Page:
Saturday, July 28, 2012

The Edison Files: Vernon Archibald

Thomas Edison invented the phonograph in 1877. No one knows for sure who the very first recording artist was. Here is a look at an early recording artist I have in my collection.

Vernon Archibald. Popular tenor ballad singer Charles Harrison formed the American Singers Quartet around 1927, with tenor Redferne Hollinshead, bass Frank Croxton and baritone Vernon Archibald. Archibald recorded several solo and duet songs for many different companies, but he mostly recorded for Edison Records.

From the New York Times, March 26, 1920:
Vernon Archibald, a baritone from Chicago, gave a matinee of songs and airs in Italian, French and English yesterday at Aeolian Hall, his first in public here, though he sang once in private last year. A dramatic air of Verdi’s “Simon Boccanegra,” was hardly contrasted in performance with that of Handel which preceded it, or the ensuing “Legend of the Sage” from Massenet’s “Jongleur.” There was sensitive appreciation in his delivery of lyrics, such as Cornelius’ “Monotone,” Mrs. Maley’s “In a Garden,” a poem of the Christ-child, and Miss Brown’s “Sunset,” an unpublished air, with “A Ballynure Ballad” and others in conclusion.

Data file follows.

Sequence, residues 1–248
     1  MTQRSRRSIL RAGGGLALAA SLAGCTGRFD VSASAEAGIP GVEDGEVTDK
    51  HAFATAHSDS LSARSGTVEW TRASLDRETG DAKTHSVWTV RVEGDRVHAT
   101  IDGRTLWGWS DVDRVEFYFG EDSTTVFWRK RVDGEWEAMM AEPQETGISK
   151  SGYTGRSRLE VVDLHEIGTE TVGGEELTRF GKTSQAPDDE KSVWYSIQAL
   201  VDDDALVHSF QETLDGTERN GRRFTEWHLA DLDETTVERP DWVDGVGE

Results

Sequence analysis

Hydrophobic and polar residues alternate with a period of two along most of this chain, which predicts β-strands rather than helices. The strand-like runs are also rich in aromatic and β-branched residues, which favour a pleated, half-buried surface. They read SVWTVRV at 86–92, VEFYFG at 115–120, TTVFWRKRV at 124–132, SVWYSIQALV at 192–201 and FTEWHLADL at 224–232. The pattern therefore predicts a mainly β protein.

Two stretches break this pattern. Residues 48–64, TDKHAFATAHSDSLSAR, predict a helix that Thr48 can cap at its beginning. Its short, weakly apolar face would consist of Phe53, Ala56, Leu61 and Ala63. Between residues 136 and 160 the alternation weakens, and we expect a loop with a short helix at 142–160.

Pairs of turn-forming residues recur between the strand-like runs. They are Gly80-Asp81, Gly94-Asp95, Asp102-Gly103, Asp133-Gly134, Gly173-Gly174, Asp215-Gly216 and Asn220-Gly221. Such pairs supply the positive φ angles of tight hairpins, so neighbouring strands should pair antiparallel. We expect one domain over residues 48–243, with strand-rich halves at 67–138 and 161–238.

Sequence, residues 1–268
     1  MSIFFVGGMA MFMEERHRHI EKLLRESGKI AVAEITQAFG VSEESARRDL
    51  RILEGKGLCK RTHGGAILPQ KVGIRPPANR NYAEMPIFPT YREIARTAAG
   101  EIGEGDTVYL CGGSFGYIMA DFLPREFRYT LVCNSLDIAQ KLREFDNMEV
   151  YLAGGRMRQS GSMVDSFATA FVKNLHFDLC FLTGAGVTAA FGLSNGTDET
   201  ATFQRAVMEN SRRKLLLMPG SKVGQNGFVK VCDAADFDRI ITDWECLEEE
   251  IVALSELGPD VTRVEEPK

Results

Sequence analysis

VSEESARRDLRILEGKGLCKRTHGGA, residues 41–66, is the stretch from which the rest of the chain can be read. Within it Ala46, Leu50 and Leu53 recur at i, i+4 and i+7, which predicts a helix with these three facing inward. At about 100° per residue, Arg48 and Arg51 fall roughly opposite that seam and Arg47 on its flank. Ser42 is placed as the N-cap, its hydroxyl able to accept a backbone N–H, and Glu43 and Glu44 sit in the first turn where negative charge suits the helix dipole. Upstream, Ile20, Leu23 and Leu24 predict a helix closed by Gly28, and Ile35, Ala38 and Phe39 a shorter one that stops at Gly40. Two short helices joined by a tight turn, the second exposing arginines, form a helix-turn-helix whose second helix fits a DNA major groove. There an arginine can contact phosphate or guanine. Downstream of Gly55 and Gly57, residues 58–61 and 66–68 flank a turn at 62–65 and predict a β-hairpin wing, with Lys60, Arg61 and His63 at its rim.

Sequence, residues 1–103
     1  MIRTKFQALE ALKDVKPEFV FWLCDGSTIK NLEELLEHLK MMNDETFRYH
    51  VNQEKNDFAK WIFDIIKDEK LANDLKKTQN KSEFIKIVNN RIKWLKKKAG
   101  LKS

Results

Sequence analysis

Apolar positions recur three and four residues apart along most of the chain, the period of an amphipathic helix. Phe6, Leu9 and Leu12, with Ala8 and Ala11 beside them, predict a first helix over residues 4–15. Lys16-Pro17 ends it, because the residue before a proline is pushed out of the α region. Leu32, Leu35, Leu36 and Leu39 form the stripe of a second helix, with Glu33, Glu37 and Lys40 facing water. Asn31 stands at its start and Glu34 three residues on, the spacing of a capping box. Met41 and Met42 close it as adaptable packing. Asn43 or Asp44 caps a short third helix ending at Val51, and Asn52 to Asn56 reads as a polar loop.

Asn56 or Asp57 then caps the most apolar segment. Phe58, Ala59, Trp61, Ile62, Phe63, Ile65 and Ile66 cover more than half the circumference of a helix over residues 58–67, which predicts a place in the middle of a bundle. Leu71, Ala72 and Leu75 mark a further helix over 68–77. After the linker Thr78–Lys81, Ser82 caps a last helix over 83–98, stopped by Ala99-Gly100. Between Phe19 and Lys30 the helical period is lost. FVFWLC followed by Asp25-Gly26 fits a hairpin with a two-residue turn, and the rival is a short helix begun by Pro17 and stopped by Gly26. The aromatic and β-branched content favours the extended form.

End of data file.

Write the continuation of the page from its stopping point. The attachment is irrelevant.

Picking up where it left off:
To listen to recordings by Vernon Archibald, or other early recording artists, visit the Cylinder Preservation and Digitization Project at the University of California Santa Barbara.

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